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  1. #1

    Default Quick question on camping

    Hello to everyone! Thank you for the valuable information that I have read from everybody. It has really been great.

    I am in the beginning process of planning my trip (approx 51 days - from Toronto, across the US and back -- May and June).

    My question is on camping. It's the national parks pass that I was thinking of. That's the one that gives you free entrance to national parks for a year. I was talking to a friend who said that I must go to Yosemite. It was already on my list, but he said to get better lodging that he had. He was in a tent, but the campgrounds aren't the same as up in northern Ontario. He described it as "tent city" or like a subdivision of tents, one after the other. In northern Ontario, we can just reserve a campground and it's usually a lot of space where you aren't exactly near anyone.

    Are all campgrounds in the US similar to a tent city? Or is it just the major ones (yellowstone, yosemite).

    Please forgive me if this is a ignorant question. If anyone has any suggestions or opinions on the matter, they would be greatly appreciated.

    Thank you
    Last edited by Mark Sedenquist; 12-07-2005 at 07:04 PM. Reason: Sentence correction

  2. #2
    Join Date
    Jan 1998
    Location
    Las Vegas, Nevada
    Posts
    10,059

    Default Simple answers can be tricky

    Quote Originally Posted by roadie4
    ..He was in a tent, but the campgrounds aren't the same as up in northern Ontario. He described it as "tent city" or like a subdivision of tents, one after the other. In northern Ontario, we can just reserve a campground and it's usually a lot of space where you aren't exactly near anyone.
    It is a matter of where in the park you are. If you plan on camping in the Yosemite Valley in the middle of summer, it is going to seem like you are in the middle of a tent city compared with just anywhere in northern Ontario. On the other hand, it is very easy to walk less than an hour from any road in Yosemite and see almost no one -- but you will see bears... Same thing with Yellowstone NP -- the easy-access, car-oriented campgrounds will be busy in the summer months.
    Are all campgrounds in the US similar to a tent city? Or is it just the major ones (yellowstone, yosemite).
    Well, there are literally thousands of campgrounds in the United States. Some will be very structured with several amentities -- others are more primitive. It all depends upon what you are seeking. This article gives a good overview of the types of vehicle-accessible campgrounds you can find.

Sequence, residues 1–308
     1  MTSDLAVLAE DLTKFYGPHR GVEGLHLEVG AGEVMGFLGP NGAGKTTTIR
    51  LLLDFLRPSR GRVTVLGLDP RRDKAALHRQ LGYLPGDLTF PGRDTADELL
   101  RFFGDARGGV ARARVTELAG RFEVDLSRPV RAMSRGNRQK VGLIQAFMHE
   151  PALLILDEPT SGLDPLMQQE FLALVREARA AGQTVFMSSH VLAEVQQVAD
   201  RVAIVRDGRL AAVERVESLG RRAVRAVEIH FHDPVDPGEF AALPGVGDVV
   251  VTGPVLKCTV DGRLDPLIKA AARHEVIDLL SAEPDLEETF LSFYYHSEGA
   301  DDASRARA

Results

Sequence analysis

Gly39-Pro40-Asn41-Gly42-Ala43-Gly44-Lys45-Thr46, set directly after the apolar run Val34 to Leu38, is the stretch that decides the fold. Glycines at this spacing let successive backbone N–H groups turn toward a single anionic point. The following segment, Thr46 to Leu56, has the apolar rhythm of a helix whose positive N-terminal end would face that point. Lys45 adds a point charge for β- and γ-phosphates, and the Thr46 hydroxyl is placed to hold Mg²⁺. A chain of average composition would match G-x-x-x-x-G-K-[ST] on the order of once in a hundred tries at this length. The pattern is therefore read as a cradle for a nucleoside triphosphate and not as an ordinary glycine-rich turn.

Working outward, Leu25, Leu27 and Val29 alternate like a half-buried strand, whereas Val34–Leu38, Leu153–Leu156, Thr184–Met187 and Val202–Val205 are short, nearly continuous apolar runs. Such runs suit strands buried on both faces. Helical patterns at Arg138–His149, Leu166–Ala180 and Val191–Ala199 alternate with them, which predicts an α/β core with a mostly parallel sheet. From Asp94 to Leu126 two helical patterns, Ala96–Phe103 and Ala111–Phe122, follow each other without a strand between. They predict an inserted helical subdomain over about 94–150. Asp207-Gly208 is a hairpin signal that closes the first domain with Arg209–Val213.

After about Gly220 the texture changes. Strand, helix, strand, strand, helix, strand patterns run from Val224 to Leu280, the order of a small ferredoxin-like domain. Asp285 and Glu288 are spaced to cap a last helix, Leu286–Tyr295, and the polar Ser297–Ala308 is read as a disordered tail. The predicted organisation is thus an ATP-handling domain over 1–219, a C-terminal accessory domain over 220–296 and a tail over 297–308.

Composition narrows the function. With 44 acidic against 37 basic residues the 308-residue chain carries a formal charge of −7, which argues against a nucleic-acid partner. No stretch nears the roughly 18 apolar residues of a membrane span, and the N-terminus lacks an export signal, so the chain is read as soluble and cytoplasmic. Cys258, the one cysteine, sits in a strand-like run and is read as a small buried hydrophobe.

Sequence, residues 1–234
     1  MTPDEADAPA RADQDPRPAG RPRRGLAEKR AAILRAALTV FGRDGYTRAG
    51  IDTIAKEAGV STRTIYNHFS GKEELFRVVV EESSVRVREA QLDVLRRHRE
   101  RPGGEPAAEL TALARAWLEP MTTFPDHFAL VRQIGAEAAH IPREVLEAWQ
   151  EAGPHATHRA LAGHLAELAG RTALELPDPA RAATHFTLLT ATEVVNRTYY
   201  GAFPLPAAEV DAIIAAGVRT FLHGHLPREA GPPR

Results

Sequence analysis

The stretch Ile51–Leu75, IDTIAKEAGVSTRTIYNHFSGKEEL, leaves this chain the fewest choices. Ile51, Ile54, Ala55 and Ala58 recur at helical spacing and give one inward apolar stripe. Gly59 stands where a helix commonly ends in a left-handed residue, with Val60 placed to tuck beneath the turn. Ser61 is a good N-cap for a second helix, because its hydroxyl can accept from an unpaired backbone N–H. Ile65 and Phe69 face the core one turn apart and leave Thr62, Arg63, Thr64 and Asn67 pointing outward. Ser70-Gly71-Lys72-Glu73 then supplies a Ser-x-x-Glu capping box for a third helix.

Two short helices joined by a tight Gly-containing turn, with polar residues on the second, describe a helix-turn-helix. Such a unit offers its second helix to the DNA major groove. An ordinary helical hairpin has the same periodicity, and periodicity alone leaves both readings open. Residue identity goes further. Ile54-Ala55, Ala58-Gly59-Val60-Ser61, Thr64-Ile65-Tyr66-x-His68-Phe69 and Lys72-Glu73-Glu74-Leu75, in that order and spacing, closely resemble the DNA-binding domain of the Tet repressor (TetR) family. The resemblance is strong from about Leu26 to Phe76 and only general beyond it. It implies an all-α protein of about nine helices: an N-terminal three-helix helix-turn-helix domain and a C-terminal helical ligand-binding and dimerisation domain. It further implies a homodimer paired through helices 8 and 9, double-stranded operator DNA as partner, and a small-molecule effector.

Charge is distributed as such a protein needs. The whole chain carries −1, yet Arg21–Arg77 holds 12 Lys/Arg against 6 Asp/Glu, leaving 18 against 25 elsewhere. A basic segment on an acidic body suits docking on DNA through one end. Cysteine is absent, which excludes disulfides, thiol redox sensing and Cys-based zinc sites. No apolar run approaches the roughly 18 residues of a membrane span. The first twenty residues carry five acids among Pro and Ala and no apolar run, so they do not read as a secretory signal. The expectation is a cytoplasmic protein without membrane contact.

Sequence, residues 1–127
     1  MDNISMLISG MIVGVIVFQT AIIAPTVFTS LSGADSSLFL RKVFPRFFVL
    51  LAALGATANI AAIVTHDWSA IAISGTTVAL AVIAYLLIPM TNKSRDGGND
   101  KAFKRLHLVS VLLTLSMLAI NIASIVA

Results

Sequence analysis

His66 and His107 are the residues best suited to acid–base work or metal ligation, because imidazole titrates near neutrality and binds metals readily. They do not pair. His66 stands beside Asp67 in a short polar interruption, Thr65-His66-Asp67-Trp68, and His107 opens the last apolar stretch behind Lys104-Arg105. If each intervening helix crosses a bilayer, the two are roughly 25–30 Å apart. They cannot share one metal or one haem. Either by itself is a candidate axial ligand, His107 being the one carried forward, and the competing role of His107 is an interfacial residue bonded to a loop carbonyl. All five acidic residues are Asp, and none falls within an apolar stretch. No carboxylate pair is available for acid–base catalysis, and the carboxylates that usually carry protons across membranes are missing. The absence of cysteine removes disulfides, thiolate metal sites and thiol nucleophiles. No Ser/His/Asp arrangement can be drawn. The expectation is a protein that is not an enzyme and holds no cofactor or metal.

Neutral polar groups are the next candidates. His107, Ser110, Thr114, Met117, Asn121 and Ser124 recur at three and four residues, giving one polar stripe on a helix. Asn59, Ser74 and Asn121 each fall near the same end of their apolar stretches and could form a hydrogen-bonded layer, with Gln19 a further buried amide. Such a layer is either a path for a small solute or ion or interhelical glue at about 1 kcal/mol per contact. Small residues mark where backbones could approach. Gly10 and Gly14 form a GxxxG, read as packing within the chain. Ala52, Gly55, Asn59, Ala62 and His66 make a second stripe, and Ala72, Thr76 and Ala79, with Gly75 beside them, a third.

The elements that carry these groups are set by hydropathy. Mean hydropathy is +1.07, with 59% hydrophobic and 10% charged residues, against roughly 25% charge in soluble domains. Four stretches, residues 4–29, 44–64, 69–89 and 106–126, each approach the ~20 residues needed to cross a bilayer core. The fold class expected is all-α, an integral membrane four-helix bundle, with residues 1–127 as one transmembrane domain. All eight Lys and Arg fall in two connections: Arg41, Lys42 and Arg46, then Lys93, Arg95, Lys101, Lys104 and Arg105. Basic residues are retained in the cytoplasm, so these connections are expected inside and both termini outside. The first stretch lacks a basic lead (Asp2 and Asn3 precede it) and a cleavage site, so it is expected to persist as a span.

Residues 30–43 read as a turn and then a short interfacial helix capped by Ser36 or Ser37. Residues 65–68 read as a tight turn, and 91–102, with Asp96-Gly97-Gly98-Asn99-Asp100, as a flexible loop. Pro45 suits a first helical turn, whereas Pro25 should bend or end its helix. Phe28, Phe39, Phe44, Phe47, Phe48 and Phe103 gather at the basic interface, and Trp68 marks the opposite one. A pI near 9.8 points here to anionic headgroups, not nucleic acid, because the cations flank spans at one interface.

Please forgive me if this is a ignorant question.
    That is one of the reasons why this Forum exists. I hope it is helpful to you.

    Mark

  3. #3

    Default Info was great

    Thank you very much for the info and the link. I still have a ton of planning to do, it seems.

    I noticed that many people speak about Bryce Canyon, Arches, Zion and Canyonlands parks. I went to the nps.gov website and checked out those sites and was totally floored. Those places are incredible. I was wondering if those parks would be considered "tent city" parks as well? If this isn't the place to as, I apologize. I am just trying to gauge on what to expect.

    We would be at those parks in the later part of May (between the 20th and the 30th). Water hookup isn't necessarily important because we'll try to alternate camping and motels each night.

  4. #4
    Join Date
    Mar 2005
    Location
    Washington state coast/Olympic Peninsula
    Posts
    3,318

    Default

    My question is...does it really matter?

    When I camp, I prefer privacy myself. But I'm thinking about the types of camping trips where you stay for a few days, lounge around, build a campfire, and just veg out and enjoy the scenery. Play a little chess and backgammon. Read. Maybe a few little day hikes, swimming, whatever tossed in for good measure.

    However, when you're in places like Yosemite, Zion, Bryce, and the Grand Canyon, are you really gonna spend a lot of time just sitting around your campsite? Or are you gonna be off exploring most of the time? I can't imagine going to any of these places and sitting around my campsite.

    When I was in the Bryce, I tent-camped at Ruby's, a resort just outside of the entrance to Bryce. Even though this is a resort complex with hotels, restaurants, and a campsite, my tent campsite was very peaceful. Most folks go the RV route. There were only about 5-6 tents in an area that could have packed in about 30-40 tents easily. We were spread out and I had a pleasant, quiet evening. Yeah, I could see the sea of RVs but they were far enough away for noise to not be a factor. And I was on the edge of a wonderful pond. It wasn't remote but it was sublime.

    I think it's a given that any popular national park will be crowded, unless you go in the off-season. But I really wouldn't let that effect my trip or change my plans.

  5. #5

    Default

    You are right in the fact that I will spend the entire day exploring these cool places. It's just that my friend got me a little concerned with his comments about when he stayed in Yosemite. It was more that he couldn't get any sleep because there were always people running around his tent going places and he couldn't get any sleep. Having a little more of a buffer zone between campsites would probably alleviate any disturbances. Or else I could just go into a motel or something if it really bothered me. Camping will help stretch the dollars though.

    I was just trying to figure out what to expect. With your comment about campsites and places outside the park, this gives me greater assurance that there will probably be a few choices in where to stay.